kai« oJmologoume÷nwß me÷ga e˙sti« to\ thvß eujsebei÷aß musth/rion: Qeo\ß e˙fanerw¿qh e˙n sarki÷, e˙dikaiw¿qh e˙n pneu/mati, w‡fqh aÓgge÷loiß, e˙khru/cqh e˙n e¶qnesin, e˙pisteu/qh e˙n ko/smwˆ, aÓnelh/mfqh e˙n do/xhØ. (TR)

Great indeed, we confess, is the mystery of godliness: He was manifested in the flesh, vindicated by the Spirit, seen by angels, proclaimed among the nations, believed on in the world, taken up in glory. (ESV)

kai« oJmologoume÷nwß me÷ga e˙sti«n to\ thvß eujsebei÷aß musth/rion: o§ß e˙fanerw¿qh e˙n sarki÷, e˙dikaiw¿qh e˙n pneu/mati, w‡fqh aÓgge÷loiß, e˙khru/cqh e˙n e¶qnesin, e˙pisteu/qh e˙n ko/smwˆ, aÓnelh/mfqh e˙n do/xhØ. (CT)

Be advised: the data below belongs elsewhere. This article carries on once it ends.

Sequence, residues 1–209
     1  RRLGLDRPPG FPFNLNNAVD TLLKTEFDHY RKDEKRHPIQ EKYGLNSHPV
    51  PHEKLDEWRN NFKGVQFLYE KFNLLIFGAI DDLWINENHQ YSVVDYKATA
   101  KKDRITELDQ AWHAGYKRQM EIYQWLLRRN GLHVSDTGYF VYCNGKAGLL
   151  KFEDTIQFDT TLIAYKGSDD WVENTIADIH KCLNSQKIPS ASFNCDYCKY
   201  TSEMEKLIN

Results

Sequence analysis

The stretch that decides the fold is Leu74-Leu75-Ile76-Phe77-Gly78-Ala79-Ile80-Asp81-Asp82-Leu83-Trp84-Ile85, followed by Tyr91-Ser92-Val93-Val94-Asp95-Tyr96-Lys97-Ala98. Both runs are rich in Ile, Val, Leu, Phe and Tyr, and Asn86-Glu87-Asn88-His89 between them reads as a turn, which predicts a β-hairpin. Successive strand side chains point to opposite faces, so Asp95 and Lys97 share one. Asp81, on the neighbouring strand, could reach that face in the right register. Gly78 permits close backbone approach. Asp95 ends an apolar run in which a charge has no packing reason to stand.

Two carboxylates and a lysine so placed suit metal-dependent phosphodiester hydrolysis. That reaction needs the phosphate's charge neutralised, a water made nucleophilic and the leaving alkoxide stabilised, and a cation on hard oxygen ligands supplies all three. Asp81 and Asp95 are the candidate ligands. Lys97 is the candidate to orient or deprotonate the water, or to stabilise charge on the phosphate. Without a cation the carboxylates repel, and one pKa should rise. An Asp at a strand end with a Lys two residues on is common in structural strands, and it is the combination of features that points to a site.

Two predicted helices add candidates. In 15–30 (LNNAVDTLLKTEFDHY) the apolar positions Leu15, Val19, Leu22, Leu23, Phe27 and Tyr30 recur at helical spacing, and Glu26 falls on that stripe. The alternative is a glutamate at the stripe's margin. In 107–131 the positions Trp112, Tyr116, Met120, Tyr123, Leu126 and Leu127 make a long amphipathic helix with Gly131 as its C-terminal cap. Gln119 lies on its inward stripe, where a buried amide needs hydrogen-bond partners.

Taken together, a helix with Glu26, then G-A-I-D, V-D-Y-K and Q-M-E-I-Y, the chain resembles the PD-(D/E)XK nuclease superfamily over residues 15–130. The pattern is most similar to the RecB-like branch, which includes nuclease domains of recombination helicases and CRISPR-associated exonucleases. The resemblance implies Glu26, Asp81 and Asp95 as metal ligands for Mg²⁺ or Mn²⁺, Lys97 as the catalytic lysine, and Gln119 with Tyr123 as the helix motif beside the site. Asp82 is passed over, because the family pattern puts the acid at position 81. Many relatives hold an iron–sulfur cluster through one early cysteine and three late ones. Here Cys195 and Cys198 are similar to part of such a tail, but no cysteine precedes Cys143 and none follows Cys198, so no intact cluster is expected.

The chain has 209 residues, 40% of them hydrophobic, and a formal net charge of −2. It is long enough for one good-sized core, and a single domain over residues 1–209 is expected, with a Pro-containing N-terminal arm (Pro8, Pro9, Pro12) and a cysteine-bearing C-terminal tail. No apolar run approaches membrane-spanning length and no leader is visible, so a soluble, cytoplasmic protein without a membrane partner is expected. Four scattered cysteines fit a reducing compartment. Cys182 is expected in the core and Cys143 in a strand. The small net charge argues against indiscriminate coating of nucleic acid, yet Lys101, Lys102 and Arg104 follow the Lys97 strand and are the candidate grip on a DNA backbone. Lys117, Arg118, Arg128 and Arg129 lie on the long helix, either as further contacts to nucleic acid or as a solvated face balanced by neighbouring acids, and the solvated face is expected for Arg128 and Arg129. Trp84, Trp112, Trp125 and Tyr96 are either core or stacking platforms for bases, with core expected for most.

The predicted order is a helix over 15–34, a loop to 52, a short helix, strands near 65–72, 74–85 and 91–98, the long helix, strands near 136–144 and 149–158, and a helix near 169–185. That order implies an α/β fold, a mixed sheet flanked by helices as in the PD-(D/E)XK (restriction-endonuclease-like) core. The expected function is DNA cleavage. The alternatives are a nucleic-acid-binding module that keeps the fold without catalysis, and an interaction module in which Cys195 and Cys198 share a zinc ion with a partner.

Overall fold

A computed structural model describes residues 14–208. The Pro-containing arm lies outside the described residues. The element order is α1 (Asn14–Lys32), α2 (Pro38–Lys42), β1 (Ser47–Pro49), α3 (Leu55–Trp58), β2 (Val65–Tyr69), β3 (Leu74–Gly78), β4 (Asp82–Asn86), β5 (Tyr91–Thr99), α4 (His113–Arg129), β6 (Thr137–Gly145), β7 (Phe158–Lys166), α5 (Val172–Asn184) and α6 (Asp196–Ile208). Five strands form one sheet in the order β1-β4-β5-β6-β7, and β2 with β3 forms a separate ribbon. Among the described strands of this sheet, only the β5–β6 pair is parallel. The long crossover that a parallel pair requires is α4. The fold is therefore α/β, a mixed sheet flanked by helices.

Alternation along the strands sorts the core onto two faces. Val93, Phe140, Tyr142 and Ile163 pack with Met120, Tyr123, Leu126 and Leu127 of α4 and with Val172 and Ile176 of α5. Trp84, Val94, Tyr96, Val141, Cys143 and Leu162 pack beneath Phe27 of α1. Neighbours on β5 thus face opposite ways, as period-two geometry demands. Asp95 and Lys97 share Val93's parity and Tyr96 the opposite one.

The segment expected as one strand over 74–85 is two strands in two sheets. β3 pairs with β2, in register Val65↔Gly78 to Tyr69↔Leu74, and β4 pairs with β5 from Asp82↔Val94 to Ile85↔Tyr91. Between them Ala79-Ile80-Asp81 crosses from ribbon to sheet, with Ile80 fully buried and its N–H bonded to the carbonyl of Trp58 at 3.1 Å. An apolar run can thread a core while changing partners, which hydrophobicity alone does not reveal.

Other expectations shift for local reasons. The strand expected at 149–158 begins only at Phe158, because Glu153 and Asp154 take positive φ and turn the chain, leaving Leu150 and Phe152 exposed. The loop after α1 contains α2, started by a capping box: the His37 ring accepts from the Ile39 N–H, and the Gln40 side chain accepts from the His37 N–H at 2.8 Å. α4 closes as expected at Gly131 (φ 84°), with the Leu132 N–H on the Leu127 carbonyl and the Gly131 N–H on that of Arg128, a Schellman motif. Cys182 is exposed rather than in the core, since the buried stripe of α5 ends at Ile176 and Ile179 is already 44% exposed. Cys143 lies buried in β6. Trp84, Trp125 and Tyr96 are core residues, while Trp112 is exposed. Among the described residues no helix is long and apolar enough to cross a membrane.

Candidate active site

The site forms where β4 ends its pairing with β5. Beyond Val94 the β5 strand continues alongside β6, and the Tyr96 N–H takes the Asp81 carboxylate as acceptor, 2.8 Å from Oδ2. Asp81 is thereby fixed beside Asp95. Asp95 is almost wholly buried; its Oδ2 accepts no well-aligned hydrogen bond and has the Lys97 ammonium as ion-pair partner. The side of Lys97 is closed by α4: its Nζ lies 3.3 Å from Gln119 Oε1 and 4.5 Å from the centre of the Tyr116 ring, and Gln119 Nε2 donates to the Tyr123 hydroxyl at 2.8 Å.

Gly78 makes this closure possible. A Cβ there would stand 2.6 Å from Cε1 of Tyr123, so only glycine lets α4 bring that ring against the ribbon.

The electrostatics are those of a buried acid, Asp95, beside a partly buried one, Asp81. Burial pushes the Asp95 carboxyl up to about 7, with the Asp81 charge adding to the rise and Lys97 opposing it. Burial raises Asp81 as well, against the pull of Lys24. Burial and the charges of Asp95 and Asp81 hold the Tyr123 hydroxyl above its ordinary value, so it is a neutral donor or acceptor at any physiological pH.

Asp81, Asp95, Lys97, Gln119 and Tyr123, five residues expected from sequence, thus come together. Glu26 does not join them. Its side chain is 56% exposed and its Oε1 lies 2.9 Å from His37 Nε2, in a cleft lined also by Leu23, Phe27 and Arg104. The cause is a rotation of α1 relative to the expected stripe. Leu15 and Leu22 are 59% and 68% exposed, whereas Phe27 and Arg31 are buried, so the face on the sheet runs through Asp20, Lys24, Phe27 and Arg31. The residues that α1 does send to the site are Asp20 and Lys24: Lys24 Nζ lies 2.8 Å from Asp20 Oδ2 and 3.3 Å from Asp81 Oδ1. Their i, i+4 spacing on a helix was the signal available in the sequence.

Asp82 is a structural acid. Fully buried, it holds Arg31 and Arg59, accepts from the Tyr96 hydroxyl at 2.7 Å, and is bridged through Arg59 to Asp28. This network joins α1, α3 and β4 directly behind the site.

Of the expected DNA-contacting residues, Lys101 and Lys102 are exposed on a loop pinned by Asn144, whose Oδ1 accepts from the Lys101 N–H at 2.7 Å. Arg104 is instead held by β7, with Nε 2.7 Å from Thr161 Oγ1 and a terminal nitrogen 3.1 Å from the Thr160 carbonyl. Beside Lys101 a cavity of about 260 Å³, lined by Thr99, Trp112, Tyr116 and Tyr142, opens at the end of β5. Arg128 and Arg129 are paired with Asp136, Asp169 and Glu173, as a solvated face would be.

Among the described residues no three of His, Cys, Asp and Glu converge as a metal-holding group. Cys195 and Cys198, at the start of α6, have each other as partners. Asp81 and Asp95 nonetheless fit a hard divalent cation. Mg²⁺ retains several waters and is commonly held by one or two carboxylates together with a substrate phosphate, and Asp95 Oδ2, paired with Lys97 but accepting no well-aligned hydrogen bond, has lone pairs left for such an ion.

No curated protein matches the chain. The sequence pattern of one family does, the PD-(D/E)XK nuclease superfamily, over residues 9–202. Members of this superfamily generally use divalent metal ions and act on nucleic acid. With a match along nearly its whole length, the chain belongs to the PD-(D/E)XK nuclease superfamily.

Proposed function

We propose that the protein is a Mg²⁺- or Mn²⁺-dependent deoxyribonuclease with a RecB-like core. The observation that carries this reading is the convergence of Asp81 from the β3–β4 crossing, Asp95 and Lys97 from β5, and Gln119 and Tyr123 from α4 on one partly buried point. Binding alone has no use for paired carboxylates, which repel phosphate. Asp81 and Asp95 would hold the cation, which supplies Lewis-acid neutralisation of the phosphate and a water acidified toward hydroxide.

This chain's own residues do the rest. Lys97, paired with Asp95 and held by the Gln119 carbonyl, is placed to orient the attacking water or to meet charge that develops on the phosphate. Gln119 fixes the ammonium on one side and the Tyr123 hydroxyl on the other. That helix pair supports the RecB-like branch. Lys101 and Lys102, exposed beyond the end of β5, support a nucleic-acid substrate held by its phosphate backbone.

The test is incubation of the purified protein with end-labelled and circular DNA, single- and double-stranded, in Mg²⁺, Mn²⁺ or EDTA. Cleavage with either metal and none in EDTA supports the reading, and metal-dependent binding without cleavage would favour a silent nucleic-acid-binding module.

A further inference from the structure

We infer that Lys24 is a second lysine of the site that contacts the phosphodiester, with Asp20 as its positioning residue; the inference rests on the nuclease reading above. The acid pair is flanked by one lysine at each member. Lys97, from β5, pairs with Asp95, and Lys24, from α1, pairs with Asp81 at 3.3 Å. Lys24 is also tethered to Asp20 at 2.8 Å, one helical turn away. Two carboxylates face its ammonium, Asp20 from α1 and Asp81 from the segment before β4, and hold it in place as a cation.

The Received Text reading is in the overwhelming majority of manuscripts—99%. Furthermore, not one known Greek MSS on earth reads “he.” The critical Greek text actually reads the pronoun “who,” which is bad grammar. The CT reading is in four MSS (0.6%)—at most. In fact, one of these four (Alexandrinus) actually read “God” but was then changed into “who,” and another one (Sinaiticus) also testifies to the reading “God.” Therefore, the English translation of the CT reads “he,” since “who” does not make any sense. One must choose between 99% of the MSS and proper grammar or 0.6% (at most) of MSS and bad grammar. The bad grammar made one Greek MS (the corrupt codex D) change the Greek pronoun from hos to ho to eliminate the bad grammar that is present when “God” is removed from the passage. Patristic writers such as Gregory of Nyssa, Didymus, Chrysostom, Theodoret, and Euthalius also support the Received Text. Furthermore, there is no great mystery in a male human being having human flesh, but God being manifest in the flesh is certainly a great mystery.